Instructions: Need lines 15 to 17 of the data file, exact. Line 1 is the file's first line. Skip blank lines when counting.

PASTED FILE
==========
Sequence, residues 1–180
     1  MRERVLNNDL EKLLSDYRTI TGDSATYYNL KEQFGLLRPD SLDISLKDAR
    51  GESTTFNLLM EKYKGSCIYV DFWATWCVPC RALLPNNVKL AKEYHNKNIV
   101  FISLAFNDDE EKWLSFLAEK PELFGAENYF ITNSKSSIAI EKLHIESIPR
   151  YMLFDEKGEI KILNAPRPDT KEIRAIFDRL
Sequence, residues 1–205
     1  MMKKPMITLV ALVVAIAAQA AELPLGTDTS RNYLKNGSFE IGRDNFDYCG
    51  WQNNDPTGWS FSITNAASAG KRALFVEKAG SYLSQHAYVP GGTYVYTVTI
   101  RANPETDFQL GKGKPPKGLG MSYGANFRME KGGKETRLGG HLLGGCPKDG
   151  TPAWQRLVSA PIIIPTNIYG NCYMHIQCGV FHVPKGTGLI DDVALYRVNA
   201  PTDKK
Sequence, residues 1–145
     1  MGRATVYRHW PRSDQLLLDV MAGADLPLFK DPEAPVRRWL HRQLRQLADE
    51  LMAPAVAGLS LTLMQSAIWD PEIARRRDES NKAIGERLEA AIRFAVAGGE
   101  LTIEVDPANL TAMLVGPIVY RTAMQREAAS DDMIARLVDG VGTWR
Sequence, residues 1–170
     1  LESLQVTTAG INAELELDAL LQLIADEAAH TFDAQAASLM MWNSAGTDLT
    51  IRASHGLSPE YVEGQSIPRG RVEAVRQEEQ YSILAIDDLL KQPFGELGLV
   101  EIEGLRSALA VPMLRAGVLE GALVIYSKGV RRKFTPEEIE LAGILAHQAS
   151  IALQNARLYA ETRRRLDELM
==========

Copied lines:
   101  LTIEVDPANL TAMLVGPIVY RTAMQREAAS DDMIARLVDG VGTWR
Sequence, residues 1–170
     1  LESLQVTTAG INAELELDAL LQLIADEAAH TFDAQAASLM MWNSAGTDLT